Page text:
Five years ago, twenty-one teenagers sued the U.S. government, arguing that it violated their fundamental rights to life, liberty, and property by leading to the environment despite awareness of its dangerous consequences.
The children were asking the court to force the government to stop subsidizing fossil-fuel and adopt policies that would reduce greenhouse gas emissions.
But the 9th US Circuit Court of Appeals on Friday threw the case out, known as Juliana vs. the United States.
“The court decided reluctantly that the issue of the plaintiffs must be put before the political branches or the public at large,” the 32-page opinion said.
Judge Andrew D. Hurwitz, one of the two judges behind that ruling, argued that while the plaintiffs “made a compelling case that action is needed,” it was beyond the authority of the court to “order, devise, oversee or enforce the remedial plan sought by the plaintiffs.” That is because doing so would entail “a series of complicated policy decisions entrusted to the judgment and discretion of the executive.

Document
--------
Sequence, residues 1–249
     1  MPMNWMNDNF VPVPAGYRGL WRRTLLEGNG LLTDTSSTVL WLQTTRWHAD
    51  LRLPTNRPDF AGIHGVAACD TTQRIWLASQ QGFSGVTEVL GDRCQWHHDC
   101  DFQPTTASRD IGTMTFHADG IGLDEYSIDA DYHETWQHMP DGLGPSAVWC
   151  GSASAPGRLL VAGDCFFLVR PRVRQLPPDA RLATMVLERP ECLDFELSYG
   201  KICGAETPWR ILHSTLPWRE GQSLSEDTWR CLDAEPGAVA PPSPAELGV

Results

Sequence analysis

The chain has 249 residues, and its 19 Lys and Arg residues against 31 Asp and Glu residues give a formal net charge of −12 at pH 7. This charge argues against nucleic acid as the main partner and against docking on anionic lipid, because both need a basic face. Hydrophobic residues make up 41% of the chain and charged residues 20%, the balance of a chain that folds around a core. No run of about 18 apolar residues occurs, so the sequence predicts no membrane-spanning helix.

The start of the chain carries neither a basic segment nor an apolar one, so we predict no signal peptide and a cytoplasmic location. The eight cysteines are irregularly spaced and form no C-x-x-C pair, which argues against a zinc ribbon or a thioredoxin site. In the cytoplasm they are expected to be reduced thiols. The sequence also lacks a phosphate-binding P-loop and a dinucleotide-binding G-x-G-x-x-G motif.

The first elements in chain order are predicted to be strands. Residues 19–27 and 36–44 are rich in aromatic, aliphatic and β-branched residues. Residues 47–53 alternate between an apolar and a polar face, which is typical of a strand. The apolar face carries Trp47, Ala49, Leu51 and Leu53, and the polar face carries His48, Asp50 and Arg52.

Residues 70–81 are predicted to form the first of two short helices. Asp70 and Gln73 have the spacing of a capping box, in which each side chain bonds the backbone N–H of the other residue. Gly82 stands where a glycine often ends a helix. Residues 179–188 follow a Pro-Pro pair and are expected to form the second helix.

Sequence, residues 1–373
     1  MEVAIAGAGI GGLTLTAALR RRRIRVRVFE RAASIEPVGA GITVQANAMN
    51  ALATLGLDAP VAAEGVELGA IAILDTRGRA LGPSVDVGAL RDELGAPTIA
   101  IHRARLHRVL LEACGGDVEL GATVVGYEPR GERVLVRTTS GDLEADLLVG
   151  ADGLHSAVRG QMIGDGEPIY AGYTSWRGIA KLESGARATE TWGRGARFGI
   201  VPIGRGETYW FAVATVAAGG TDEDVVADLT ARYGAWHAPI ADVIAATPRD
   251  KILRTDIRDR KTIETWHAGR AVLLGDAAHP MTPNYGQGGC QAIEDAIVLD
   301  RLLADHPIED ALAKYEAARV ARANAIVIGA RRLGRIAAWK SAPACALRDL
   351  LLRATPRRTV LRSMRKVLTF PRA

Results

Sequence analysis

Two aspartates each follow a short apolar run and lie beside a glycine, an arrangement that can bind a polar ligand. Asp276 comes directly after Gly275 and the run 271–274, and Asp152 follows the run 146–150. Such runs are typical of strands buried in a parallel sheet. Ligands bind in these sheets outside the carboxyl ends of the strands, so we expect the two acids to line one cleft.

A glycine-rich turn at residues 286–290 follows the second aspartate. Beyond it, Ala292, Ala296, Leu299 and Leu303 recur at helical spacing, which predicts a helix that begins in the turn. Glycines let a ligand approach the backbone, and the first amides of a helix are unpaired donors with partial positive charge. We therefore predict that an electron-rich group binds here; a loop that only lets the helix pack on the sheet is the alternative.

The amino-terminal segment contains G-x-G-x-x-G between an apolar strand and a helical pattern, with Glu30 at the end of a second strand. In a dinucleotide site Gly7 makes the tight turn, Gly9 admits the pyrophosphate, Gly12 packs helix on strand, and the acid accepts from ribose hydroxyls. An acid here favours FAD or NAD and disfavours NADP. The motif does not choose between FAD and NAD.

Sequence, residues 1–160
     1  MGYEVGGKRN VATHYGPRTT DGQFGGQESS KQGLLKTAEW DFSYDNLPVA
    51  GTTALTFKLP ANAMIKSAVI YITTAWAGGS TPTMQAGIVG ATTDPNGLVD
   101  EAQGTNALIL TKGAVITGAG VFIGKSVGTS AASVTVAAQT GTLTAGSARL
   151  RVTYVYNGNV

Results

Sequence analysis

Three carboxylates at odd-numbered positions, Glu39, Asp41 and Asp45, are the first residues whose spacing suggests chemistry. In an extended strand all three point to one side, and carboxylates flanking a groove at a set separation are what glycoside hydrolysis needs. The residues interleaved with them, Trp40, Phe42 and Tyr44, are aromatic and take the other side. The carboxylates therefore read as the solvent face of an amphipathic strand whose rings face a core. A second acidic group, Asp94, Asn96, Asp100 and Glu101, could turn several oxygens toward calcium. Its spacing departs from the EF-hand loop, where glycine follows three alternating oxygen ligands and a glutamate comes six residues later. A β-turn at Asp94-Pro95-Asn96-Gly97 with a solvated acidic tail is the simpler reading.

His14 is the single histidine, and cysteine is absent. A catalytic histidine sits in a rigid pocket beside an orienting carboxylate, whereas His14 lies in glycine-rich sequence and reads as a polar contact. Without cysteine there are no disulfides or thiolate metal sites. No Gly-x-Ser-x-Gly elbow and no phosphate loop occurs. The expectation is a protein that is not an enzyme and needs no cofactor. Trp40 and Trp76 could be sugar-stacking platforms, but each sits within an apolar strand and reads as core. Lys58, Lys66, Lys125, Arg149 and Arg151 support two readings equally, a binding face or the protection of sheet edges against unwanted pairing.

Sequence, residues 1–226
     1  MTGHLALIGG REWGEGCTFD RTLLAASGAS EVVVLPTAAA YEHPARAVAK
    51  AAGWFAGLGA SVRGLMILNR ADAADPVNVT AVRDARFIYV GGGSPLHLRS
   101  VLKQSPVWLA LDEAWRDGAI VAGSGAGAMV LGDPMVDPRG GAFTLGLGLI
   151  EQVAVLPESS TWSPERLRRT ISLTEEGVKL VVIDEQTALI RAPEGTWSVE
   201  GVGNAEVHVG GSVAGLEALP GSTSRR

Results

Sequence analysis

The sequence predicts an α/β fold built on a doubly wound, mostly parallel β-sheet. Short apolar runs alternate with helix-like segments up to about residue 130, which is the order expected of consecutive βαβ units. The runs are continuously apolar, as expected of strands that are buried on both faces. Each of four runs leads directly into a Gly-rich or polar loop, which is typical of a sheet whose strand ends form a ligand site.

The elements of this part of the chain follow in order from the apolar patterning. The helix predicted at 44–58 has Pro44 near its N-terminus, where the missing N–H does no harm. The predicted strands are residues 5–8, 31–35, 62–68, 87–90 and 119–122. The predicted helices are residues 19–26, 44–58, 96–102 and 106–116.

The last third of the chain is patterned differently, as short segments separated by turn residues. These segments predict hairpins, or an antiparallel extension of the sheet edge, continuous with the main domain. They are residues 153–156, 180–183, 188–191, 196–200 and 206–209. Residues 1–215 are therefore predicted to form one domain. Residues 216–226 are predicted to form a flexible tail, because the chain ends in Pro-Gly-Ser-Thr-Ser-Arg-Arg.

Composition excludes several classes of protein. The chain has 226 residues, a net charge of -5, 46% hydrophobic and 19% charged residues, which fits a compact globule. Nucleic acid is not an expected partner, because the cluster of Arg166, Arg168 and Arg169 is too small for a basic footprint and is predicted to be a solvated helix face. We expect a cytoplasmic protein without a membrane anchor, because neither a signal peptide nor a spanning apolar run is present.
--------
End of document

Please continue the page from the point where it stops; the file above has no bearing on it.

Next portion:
The decision reverses an Oregon district court judge Ann Aiken’s ruling which considered the case to have legal status. Both the Obama administration and Trump administration had tried to get the lawsuit dismissed several times.
Our Children’s Trust, the non-profit law organization representing the youth plaintiffs, said its fight was not over, though.
“We will be asking the entire Ninth Circuit to reconsider the decision that federal courts cannot do anything to do with an acknowledged constitutional violation,” said Andrea Rodgers, co-counsel for the plaintiffs in a statement.
Another judge, Josephine L. Staton, wrote the opinion which dissented. “It’s like an asteroid is barricading to Earth and the government has decided to shut down our only protections,” she wrote. “The government is firmly adamant that it has the utter and unreviewable power to destroy the country” to quash this suit.